Addresses of All Authors

Department of Biology & Chemistry

Liberty University

1971 University Blvd.

Lynchburg, VA 24502

Author's Biography

Timothy R. Brophy is a Professor of Biology and Director of the Center for Creation Studies at Liberty University in Lynchburg, VA. He has a Ph.D. in Environmental Science and Public Policy (Natural Sciences) from George Mason University, an M.S. in Biological Sciences from Marshall University, and an M.A. in Theological Studies (Biblical Studies) from Liberty University. Tim has published over 20 papers in the conventional literature related to the ecology and systematics of salamanders and turtles as well as a dozen papers, abstracts, and presentations on the baraminology of landfowl, loons, turtles, mole salamanders, horses, and other vertebrate taxa.

Jack R. Gregory is an undergraduate student at Liberty University and assistant to the Director of the Center for Creation Studies. He is majoring in General Biology with minors in Biblical Languages, Creation Studies, and Chemistry. Jack has done research in Baraminology, Biochemistry, and Organic Chemistry. He has presented his research on Peroxidase Kinetics at Liberty University’s ASSURE Symposium and has presented on Horse Baraminology at both the Creation Biology Society’s Origins conference and Liberty University’s Research Week.

Brigitte Townsend is a former student from the Department of Biology and Chemistry at Liberty University.

Presentation Type

Poster Presentation


The gourds form a primarily tropical and subtropical family (Cucurbitales: Cucurbitaceae) of herbaceous climbers and woody lianas composed of approximately 960 species in 95 genera and 15 tribes. Many of these are globally important food crops and ornamentals including cucumbers, gourds, squashes, melons, pumpkins, and luffas. Utilizing published literature, there is evidence of interspecific hybridization (natural, experimental cross-pollination, and embryo/ovule culture) in five of the 15 tribes. These consist of successful crosses between 131 unique species pairs, including two intergeneric and one intertribal cross, forming eight monobaramins. In addition, species that do not hybridize directly, but hybridize with the same third species are added to the various monobaramins. This results in an additional 227 species pairs, including two intergeneric and two intertribal. A hybridogram, constructed from these direct and indirect hybridization results, reveals the following monobaramins: 1) 23 species from genus Cucumis; 2) 18 species from genus Cucurbita; 3) nine species from genus Luffa; 4) four species from genera Trichosanthes and Momordica (includes intertribal crosses); 5) three species from genus Citrullus; 6) two species from genus Lagenaria; 7) two species from genus Bryonia; and 8) two species from genera Coccinia and Diplocyclos. Next, using genetic distances (ITS regions of nuclear ribosomal RNA genes) from 26 cucurbit species, several monobaramins are enlarged and some are even connected by adding an additional 113 species pairs, including 82 intergeneric and 58 intertribal. A revised hybridogram, utilizing all of the above methods, reveals the following: 1) the original [Trichosanthes + Momordica] monobaramin connects to the original Luffa and Bryonia monobaramins as well as a new monobaramin, composed of the genera [Echinopepon + Cyclanthera + Sicyos + Ecballium], to form one large monobaramin consisting of 20 species from eight genera and three tribes (Sicyoeae, Bryonieae, and Momordiceae); 2) the original Citrullus monobaramin connects to a member of the genus Lagenaria and the resulting monobaramin is slightly larger with six species; 3) the original Cucumis monobaramin has additional internal continuity and may connect to the contribal [Coccinia + Diplocyclos] and [Citrullus + Lagenaria] monobaramins to form one large monobaramin consisting of 31 species from five genera in Tribe Benincaseae; 4) the original Cucurbita monobaramin connects to one additional species and has 19 species overall, all from genus Cucurbita and Tribe Cucurbiteae. Finally, the [Sicyoeae + Bryonieae + Momordiceae] monobaramin connects directly to both the Cucurbiteae and Benincaseae monobaramins. Connections between these last two tribes are also suggested by grafting and somatic hybridization experiments which are generally most successful between closely related species. In conclusion, these data suggest that members of all five tribes (70 species and 14 genera) may form one large monobaramin in the Family Cucurbitaceae. Additional research is required (hybridization, molecular, morphological) to determine the baraminological status of the family as a whole.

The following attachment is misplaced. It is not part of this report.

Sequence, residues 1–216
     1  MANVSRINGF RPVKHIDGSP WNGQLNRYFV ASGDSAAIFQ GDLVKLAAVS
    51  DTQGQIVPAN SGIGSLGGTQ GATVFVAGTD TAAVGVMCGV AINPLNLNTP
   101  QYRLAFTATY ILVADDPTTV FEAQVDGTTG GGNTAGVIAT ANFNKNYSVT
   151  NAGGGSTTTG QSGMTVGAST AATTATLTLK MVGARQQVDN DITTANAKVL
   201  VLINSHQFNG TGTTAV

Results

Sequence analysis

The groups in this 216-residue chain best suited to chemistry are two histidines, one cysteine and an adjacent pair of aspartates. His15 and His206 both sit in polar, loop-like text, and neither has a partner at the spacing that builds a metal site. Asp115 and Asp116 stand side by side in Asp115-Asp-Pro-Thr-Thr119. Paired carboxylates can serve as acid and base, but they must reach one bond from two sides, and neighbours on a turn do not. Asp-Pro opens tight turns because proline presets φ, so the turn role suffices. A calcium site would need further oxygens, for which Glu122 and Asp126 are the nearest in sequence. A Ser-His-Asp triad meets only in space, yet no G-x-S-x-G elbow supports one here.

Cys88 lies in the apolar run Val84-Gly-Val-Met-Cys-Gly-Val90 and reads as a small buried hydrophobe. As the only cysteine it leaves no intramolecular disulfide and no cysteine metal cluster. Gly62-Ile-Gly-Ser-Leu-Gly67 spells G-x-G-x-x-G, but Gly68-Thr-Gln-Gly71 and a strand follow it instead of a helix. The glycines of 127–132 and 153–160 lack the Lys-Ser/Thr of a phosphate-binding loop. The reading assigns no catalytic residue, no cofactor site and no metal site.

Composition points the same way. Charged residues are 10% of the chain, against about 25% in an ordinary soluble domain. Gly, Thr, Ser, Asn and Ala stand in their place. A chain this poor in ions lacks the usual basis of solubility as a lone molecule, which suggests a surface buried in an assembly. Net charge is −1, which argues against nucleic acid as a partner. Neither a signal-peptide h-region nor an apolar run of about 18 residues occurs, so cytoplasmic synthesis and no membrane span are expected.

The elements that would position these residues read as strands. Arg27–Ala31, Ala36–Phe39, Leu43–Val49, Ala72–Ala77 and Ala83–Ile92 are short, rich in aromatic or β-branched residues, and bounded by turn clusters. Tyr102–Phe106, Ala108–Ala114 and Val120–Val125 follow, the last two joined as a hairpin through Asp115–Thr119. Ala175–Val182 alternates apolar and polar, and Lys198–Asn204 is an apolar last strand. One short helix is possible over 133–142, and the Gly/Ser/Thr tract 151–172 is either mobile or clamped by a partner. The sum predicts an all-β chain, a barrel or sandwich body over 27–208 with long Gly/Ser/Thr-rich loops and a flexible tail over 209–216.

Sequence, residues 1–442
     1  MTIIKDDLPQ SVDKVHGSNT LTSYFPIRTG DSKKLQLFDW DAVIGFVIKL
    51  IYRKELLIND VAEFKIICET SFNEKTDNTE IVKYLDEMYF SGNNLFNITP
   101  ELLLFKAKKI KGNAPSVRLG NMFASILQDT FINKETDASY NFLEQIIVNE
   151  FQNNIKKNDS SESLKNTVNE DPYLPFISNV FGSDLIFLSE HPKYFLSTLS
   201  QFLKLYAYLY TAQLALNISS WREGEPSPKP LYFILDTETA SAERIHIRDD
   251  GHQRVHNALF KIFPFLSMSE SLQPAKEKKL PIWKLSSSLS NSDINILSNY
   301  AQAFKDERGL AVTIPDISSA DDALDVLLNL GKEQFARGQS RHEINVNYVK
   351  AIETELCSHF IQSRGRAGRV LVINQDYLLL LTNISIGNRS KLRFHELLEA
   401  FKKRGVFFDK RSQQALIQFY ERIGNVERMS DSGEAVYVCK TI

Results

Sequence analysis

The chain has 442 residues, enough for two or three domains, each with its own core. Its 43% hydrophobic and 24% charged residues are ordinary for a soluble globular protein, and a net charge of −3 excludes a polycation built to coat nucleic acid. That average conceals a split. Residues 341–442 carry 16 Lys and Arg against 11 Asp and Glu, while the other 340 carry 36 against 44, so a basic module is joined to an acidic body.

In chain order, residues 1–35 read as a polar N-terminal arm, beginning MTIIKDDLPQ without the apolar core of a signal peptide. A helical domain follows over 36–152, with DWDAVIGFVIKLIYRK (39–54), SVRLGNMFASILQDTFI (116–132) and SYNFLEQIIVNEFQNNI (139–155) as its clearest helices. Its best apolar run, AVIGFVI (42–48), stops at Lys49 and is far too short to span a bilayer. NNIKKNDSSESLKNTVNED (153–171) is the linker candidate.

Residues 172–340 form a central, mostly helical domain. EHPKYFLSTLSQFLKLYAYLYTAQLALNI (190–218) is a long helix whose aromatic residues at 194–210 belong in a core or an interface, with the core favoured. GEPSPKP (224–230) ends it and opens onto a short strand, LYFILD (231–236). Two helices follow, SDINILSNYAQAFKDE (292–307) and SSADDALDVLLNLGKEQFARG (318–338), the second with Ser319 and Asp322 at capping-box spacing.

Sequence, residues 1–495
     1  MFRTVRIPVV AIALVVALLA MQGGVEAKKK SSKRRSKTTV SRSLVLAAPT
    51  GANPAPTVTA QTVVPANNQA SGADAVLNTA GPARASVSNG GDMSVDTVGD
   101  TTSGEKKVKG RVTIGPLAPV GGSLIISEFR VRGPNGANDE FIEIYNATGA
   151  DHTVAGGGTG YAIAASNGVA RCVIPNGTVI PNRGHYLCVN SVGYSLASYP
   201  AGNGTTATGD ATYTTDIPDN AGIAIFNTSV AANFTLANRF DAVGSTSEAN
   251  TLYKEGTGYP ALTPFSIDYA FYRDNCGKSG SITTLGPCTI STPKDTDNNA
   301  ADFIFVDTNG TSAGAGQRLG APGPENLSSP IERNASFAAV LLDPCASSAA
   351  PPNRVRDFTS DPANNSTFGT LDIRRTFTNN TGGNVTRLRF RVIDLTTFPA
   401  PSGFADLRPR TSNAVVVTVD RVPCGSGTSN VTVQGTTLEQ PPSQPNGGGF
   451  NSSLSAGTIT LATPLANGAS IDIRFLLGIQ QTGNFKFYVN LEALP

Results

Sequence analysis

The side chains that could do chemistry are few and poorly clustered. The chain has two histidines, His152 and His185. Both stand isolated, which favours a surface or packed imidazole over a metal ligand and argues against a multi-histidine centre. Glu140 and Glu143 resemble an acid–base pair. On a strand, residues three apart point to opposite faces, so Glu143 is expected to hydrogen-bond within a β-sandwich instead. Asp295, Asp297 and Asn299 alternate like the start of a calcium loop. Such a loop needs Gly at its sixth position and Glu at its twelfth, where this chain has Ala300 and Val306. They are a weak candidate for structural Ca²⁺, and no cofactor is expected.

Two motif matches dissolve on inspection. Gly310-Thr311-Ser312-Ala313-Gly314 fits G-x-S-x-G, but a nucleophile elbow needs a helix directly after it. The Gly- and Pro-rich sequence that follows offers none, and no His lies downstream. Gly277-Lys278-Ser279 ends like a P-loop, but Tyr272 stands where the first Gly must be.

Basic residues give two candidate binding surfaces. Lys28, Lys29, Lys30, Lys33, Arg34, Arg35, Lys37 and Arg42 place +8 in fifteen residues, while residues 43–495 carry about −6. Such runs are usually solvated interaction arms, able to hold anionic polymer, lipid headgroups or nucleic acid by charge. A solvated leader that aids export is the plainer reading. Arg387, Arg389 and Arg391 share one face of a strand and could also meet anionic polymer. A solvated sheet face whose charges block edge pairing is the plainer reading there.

Gourd family, cucurbitaceae, hybridization, genetic distance, monobaramin




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